Other women have uttered similar complaints. They fail to notice that male and female voices are not the same.The male voice is roughly two octaves lower. This produces a different emotional response in listeners. Not because the world is full of sexist bigots, but because these people are human.

Amusingly, Bazelon seems most torqued at the fact that she is required to act ladylike in the courtroom, to act like she is traditionally feminine. Of course, this is just a lot more whining. Ask yourself this: if you were a trial lawyer what would your goal be? I suspect it would be: to win the case. You would, if you were a great trial lawyer, spend all of your time optimizing your approach, doing your best to win. You would not be complaining about high heels and pantyhose. And you would not pretend to be a man. Juries do not like phonies.

Bazelon was discovering that her feminist principles were not very helpful in the courtroom. Winning the case and being true to her ideologically-driven principles were in conflict. She did not solve the problem. She complained about it.

Keep in mind, one of America’s most successful prosecutors, Anna-Sigga Nicolazzi never lost a case.


trigger warning said...

What a load of codswallop. I've been married to a very successul Ivy League educated criminal/immigration lawyer for nearly 30 years and I've never heard her complain, even once, about "sexism". And she doesn't even own a pair of high heels.

By the way, Bazelon's perch at USF Law School fails to impress. USF Law ranks RNP on the USNWR Law Scool rankings...


"RNP means that U.S. News did calculate a numerical rank and overall score for that school, but decided for editorial reasons not to publish the rank and score for that school on usnews.com. U.S. News publishes numerical ranks for only the top three-fourths of each ranking category. Schools labeled Rank Not Published are in the bottom 25% of their ranking category."

Ares Olympus said...

The no-crying motion does look like a sort of "trash talking", filed knowing it will be rejected, but also knowing it will upset a woman lawyer and may make her perform less well. So her claims of "sexism" itself shows it works, and shows why male lawyers should keep doing it. Nothing person, it's only business.

In in highly competitive field, people will try to play mind tricks on their rivals, and they'll keep doing it at along as it has a chance of working. And the only defense is to learn how to trash talk yourself, and figure out what shame your rival is carrying and exploit that in return.

Anonymous said...

Is it just me that is getting tired of woman whine? They were the ones who wanted to compete in the arena, but now want to put up drapes so they can feel special. The "drapes are not going to change the challenges that one takes on by becoming part of a profession. It is bad enough that academe makes infants out of their graduates, but please grow up when you get to the workplace.
What would you do if you came back from service in Viet Nam and all those people you thought you were fighting for are now calling you a "baby killer" and other choice terms of endearment? You are now toxic as a male. Remember that many other people have had it far worse and they overcame. Come back and talk to me when you have to wear a burka.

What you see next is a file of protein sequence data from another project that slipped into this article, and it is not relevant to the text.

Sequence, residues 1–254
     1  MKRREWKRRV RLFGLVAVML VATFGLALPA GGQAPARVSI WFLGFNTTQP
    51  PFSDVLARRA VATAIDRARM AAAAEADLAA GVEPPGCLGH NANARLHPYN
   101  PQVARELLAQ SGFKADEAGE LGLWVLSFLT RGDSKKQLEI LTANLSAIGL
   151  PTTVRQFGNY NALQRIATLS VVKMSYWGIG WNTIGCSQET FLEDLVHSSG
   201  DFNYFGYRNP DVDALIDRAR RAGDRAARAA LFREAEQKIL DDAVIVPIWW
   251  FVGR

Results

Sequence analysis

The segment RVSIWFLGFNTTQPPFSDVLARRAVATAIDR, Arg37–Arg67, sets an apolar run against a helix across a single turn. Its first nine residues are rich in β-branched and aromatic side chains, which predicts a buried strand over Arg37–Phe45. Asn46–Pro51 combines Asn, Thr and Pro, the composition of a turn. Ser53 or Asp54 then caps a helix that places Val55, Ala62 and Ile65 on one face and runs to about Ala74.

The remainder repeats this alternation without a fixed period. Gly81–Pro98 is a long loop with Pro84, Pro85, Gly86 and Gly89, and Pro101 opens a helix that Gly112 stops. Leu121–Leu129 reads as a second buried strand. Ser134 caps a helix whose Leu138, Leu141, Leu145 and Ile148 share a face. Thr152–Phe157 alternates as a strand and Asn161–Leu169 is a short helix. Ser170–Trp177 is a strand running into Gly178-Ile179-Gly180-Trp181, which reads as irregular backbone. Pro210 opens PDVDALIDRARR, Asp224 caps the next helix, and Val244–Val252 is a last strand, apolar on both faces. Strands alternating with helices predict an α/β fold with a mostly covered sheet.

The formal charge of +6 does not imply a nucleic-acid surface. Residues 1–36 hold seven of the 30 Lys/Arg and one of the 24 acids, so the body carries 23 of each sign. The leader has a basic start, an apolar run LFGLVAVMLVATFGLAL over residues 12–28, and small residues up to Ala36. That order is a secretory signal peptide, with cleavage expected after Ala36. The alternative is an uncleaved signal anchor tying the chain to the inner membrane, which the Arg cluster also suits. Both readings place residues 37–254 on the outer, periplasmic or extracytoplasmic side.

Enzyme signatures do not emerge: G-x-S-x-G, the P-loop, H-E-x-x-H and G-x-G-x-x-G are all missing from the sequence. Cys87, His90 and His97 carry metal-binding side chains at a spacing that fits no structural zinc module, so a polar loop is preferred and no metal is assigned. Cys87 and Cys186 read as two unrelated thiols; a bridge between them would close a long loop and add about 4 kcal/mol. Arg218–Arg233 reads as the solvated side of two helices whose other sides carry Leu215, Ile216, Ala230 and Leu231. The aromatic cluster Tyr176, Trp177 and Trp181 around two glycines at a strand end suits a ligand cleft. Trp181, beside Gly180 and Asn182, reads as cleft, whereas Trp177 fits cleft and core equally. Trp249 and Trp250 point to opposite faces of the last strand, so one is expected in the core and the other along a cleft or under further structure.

sestamibi said...

I once testified in a case before a regulatory authority, and was cross-examined by a female attorney, who posed some very pointed and difficult questions. She was very, very good and very professional, and I hope I answered to the hearing examiner's satisfaction.

After the hearing she took me aside and apologized for being so hard on me. I looked at her in disbelief and said that not only did I not take it personally, but that if she weren't that hard on me she wouldn't have been doing her job representing her client effectively. No doubt a male attorney would never have apologized for doing his job.

She continued to represent the client in subsequent cases, and did a bang-up job, and we became good friends. Haven't seen her in years, but hope she's doing well.

Ares Olympus said...

Anonymous said... Is it just me that is getting tired of woman whine?

It does seem like people who are most resentful in life spend the most time whining, and hear other people's communications as whining as well.

Good story Sestamibi. Honest hard questions should never be considered offensive and shouldn't need apology, but it might also be her apology was just an excuse to talk to you? I can imagine in the land of Minnesota Nice more than a few males might also apologize something like that to clarify there's no personal hostility, but mainly if there's a continued friendship to protect.

Sam L. said...

I've never heard of Ms. Nicolazzi, but then I do live far away from big legal doings.

Anonymous said...

Ares sez it seems like people who are most resentful in life spend the most time whining, and hear other people's communications as whining as well.

Quit whining about it, Ares.

Ares Olympus said...

Anon, thanks for confirming my point.

Anonymous said...

My pleasure.

brewmeistr said...

Love it.
Doesn't want to be objectified, but then poses as a model in the article about her.
"Lara wears the Rowling top in black, the Noho skirt in scratch plaid, the Vanessa pump in black, and the Bardi earrings in yellow gold."

The lady doth protesteth....